We are unaware of any studies that have experimentally addressed the influence of tactical pace change during an endurance event on the optimum performance limit. In a previous theoretical study (8), however, we analyzed the consequences of an athlete performing the initial part of an endurance event at a work rate different from the constant rate that would allow the performance time to be determined by the hyperbolic P-t relationship. We considered not only the P-t constraints that limit the athlete’s ability to make up the time lost by too slow an early pace but also the consequences of a more rapid early pace. This analysis demonstrated that both CP and W′ have an important role in the pace allocation strategy. For example, when P for any part of the endurance race is below CP, the athlete can never attain the goal of achieving the time equivalent to that of performing the entire race at the constant optimal P. Furthermore, W′ was shown to be especially important in determining the flexibility of the race pace that the athlete is able to choose intentionally.
These conclusions, however, were based on the assumption that the total amount of work (i.e., that equivalent to W′) that can be performed above CP remains constant when P changes during the exhausting exercise. The results of our present study are consistent with this assumption, i.e., the total amount of work expended above CP during the varied-P exercise was essentially the same as that predicted from the standard procedure using several high-intensity square-wave tests (i.e., W′), at least for work rates between CP to 134% of CP. This seems to rule out a significant beneficial effect of the first component of the varied power protocol on the second one. Such an effect has been previously demonstrated as a result of a “priming” bout of heavy-intensity exercise to the V̇O2 response during the following identical heavy bout (i.e., the repeated bouts protocol;1,4,9,11); we have not used the term “warm-up” for the preliminary exercise as it has been consistently demonstrated that the altered kinetics are not influenced by experimental alterations of muscle temperature (6,19). In this respect, Miura et al. (22) recently reported that the tolerable duration of supra-CP work rates was increased by such a priming bout (as a result of CP being increased rather than W′). However, there was a recovery period to a low metabolic demand before the second exercise bout in their study. This differs from the present study for which both components were continuously above CP. It is relevant in this regard that Coats et al. (5) recently reported that after exhausting exercise the work rate needs to be reduced to a level below CP for the subject to be able to continue to exercise. Hill and Smith (14) have demonstrated a 27% improvement in exercise time on a second bout at CP, performed on a subsequent day, compared with the first. It is unlikely that our results are influenced by such a “learning” or “sequence” effect, however, as our subjects were all experienced in performing component tests of the power-duration curve on different days, with no distortions evident in the hyperbolic profile occasioned by the tests subsequent to the first. Furthermore, had the initial phase of the varied power protocol created such a beneficial effect on the subsequent component, then the total work calculated as the power-time integral above CP would have been systematically increased; as shown in Figure 3, this was not the case.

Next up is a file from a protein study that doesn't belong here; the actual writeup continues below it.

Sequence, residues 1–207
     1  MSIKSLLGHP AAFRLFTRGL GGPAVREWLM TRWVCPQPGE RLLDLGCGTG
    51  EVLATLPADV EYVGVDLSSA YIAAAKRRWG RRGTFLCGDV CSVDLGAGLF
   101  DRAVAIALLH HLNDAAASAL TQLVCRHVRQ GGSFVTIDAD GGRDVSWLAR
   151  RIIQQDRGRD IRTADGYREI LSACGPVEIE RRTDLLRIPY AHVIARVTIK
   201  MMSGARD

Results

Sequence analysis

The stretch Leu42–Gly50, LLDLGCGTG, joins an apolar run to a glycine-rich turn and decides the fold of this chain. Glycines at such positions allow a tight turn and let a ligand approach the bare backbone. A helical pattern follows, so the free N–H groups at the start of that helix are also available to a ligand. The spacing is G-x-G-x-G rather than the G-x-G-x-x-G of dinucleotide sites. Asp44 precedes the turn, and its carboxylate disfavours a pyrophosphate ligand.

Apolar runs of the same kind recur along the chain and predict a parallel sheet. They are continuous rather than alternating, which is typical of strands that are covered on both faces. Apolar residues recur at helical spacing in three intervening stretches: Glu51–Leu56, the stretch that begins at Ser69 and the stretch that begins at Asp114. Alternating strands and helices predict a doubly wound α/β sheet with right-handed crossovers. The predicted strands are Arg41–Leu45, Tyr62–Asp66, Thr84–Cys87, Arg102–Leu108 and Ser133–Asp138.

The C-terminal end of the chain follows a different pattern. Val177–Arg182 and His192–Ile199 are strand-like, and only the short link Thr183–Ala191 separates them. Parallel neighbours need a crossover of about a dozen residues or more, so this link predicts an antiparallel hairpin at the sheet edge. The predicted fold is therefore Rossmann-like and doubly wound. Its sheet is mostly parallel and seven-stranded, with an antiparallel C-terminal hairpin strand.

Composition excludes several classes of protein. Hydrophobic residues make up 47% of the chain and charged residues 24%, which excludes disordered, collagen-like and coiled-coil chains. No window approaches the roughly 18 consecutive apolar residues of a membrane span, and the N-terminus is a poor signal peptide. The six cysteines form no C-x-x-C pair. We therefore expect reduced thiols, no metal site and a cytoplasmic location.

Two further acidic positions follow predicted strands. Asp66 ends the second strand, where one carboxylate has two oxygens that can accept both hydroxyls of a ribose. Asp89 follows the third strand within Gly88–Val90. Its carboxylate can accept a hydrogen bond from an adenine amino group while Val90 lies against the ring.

But, had there been any consequent beneficial effect of the initial component of our varied-power test on the subsequent component, then exercise tolerance at this intensity would presumably be increased as a result of changes in one or both parameters of the P-t hyperbolic relationship; i.e., we would expect that the total “work” expended above the original CP to be increased due to a prolonged second phase of the test. The result of this study, however, did not support this hypothesis. In addition, our results suggest that there was no functional replenishing of W′ as the work rate was decreased in the DOWN protocol. This seems a much more plausible explanation for the findings than both CP and W′ being changed in exactly the appropriate inverse proportion, although this cannot be conclusively ruled out from the available evidence.
Further work is clearly needed to resolve the nature of the W′ determinant(s), the basis of its apparent constancy, as the pattern of the supra-CP power output is varied, and its precise role in pace allocation strategies for competitive athletic performance (17).
This study was supported in part by Grant in-Aid for Scientific Research from the Ministry of Educations, Science, Sports, and Culture in Japan (no. 12680048) and the Uehara Memorial Life Science Foundation to YF.